In Parshas Tzav we read about the korban todah, the thanksgiving offering. The commentaries (Rashi, Rashbam) explain that this offering was brought by someone who had been saved from danger, especially referring to the four cases enumerated by the Talmud (Brachos 54b), based upon Psalms 107, in which a person "needs to give thanks." These are: one who has traveled by sea, one who traveled through a desert, one who was released from prison, and one who has recovered from illness. (Although the Talmud is speaking there of birkas hagomel, i.e. publicly reciting the blessing of thanksgiving, Rashi understands these categories to apply to the korban torah as well, citing the verse in Psalm 107, "and they shall slaughter thanksgiving offerings." Rashi presumably holds like the Tosafos HaRosh (Brachos 54b) that birkas hagomel is itself based upon the korban todah.)
Anytime we give thanks to God for saving us from a difficulty or a danger, we face an obvious question. Our thanks to God is based upon the premise that God is almighty, and that He controls all that happens in our lives and in the world as a whole. However, if God is indeed the one who controls all that happens in our lives, then it was He who put us into the bad situation in the first place! If so, why are giving thanks to God for saving us from troubles that He caused?
If any holiday embodies this paradox, it is Pesach! Pesach is a holiday devoted to giving thanks to God for freeing us from the slavery and oppression we experienced in Egypt. The theme of gratitude is basic to the entire seder night; ”לפיכך אנחנו חיבים להודות וכו” - "Therefore, [we conclude the narrative of the Exodus,] we are obligated to give thanks...”. Yet, from the very beginning of Jewish history, God told Abraham that his descendants would be oppressed in a foreign land, and God went to great efforts to force the family of Jacob to move down to Egypt. The slavery in Egypt was God’s plan from the beginning, and all the suffering that the Jewish people endured there can be placed at His feet. Why then are we giving thanks to God for saving us from Egypt, when He is the one who put us there in the first place?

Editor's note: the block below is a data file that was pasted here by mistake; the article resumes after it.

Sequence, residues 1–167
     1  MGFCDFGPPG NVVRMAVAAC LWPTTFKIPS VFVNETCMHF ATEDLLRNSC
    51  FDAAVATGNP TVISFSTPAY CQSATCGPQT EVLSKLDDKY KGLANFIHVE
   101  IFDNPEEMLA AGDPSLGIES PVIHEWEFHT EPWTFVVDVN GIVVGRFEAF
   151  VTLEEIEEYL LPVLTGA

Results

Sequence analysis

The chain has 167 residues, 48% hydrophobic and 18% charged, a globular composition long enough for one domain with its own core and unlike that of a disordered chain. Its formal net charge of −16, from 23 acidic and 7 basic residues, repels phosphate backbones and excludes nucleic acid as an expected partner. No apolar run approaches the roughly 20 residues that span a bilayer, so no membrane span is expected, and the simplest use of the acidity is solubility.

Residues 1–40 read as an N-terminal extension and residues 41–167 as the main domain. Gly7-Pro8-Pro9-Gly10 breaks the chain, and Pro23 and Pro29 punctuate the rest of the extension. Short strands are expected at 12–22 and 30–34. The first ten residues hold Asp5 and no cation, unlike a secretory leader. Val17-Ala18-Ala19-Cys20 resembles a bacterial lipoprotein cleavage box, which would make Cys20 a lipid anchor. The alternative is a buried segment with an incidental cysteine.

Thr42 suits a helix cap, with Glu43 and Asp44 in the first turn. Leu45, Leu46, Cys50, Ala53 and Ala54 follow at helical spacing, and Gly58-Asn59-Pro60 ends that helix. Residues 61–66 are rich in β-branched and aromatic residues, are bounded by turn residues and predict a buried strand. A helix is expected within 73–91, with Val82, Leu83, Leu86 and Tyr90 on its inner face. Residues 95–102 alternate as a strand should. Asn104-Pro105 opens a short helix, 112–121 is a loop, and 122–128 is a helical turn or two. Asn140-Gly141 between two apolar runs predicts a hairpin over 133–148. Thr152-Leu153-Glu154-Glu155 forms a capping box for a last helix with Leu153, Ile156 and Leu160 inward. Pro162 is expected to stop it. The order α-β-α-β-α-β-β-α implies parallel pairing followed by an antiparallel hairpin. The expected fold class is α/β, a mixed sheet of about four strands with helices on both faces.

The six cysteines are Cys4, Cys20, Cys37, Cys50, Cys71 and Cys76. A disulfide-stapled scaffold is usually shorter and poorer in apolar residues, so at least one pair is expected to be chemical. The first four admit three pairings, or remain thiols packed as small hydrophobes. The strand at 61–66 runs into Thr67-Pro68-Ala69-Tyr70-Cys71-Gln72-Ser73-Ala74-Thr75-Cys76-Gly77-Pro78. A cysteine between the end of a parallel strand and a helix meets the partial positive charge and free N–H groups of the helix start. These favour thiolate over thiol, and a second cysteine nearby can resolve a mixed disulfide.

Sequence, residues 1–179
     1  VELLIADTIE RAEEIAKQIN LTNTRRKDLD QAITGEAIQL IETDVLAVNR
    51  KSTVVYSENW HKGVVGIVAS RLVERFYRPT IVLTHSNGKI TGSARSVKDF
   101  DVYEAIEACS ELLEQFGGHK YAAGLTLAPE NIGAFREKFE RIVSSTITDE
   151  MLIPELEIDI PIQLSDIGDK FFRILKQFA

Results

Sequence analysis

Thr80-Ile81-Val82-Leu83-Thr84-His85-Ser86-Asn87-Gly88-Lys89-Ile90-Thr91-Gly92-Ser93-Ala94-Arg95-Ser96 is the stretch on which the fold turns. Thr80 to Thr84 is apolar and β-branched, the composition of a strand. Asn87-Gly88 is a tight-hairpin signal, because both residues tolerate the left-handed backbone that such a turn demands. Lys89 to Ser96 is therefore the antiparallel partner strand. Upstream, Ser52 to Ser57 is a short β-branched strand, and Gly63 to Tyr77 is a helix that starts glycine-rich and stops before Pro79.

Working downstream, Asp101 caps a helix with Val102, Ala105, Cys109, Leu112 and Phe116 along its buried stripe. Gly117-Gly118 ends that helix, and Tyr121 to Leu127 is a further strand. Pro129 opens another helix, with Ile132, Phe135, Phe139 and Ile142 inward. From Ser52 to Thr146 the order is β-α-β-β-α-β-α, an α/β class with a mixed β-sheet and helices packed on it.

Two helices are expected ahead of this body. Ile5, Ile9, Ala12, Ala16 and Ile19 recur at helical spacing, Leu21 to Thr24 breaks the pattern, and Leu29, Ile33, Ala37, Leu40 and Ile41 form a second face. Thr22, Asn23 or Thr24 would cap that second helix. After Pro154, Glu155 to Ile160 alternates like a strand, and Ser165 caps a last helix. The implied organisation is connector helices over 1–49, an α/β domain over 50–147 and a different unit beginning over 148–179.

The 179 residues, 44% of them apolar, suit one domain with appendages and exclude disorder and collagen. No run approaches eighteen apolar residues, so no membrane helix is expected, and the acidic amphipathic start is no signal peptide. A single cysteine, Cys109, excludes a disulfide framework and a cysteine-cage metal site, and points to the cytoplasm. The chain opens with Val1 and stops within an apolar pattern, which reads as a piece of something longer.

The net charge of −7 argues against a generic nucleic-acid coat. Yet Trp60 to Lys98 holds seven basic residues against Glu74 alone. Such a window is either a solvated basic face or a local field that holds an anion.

This question is asked by the Dubna Maggid (Rabbi Yakov Kranz, d.1804) early on in his commentary on the Hagada. He illustrates the question with an analogy. If a person falls ill, or is injured, and a doctor treats his illness and cures him, then it is obvious that the patient must express gratitude towards the doctor. But if the doctor was the one who injured him in the first place, then there is little gratitude due to him. The patient would have been better off if the doctor had left alone to begin with!
In the end, therefore, the Dubno Maggid explains that we have to recognize that when we give thanks to God for our salvation, we are not only thanking Him for saving us from our troubles, we are also thanking Him for the troubles themselves. For we must understand that everything that God brings upon us is ultimately for our benefit, and we must give thanks to Him for the bad as well as the good, as the Talmud (Brachos 54a) states, “A person is obligated to bless God for the bad, just as he blesses God for the good.”
The suffering we endured in Egypt was necessary to prepare us to be the “kingdom of priests and holy nation” that would receive the Torah. The lessons we learned in the “iron furnace”, as the Jeremiah (11:4) called Egypt, were what made us into the Jewish people, and it would be these lessons that God would continually remind us of, in His Torah.
The Sefas Emes (R’ Yehuda Aryeh Leib of Ger, d.1905), in his commentary on the Hagada, points out that this is the lesson of the korech that we eat at the Seder, in which eat the matzoh and maror together. The primary symbolism of the matzah is redemption and freedom, the symbolism of maror is suffering. By eating them together, we indicate that, at the most basic level, they are not separable. The achievement of true redemption and freedom can only come about through the spiritual crucible of suffering. As the Dubno Maggid quotes from Rabbi Shimon bar Yochai (Brachos 5a):
שלש מתנות טובות נתן הקב”ה לישראל, וכולן לא נתנן אלא על ידי יסורין. אלו הן: תורה וארץ ישראל והעולם הבאGod gave three good gifts to the Jewish people, and all of them were only given through suffering. These are: The Torah, the land of Israel, and the World-to-Come.